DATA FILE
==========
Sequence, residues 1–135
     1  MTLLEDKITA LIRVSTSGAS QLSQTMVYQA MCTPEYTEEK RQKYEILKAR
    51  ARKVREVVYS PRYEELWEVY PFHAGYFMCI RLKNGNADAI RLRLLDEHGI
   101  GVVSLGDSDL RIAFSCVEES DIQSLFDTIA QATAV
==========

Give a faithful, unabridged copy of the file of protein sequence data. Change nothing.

Sequence, residues 1–135
     1  MTLLEDKITA LIRVSTSGAS QLSQTMVYQA MCTPEYTEEK RQKYEILKAR
    51  ARKVREVVYS PRYEELWEVY PFHAGYFMCI RLKNGNADAI RLRLLDEHGI
   101  GVVSLGDSDL RIAFSCVEES DIQSLFDTIA QATAV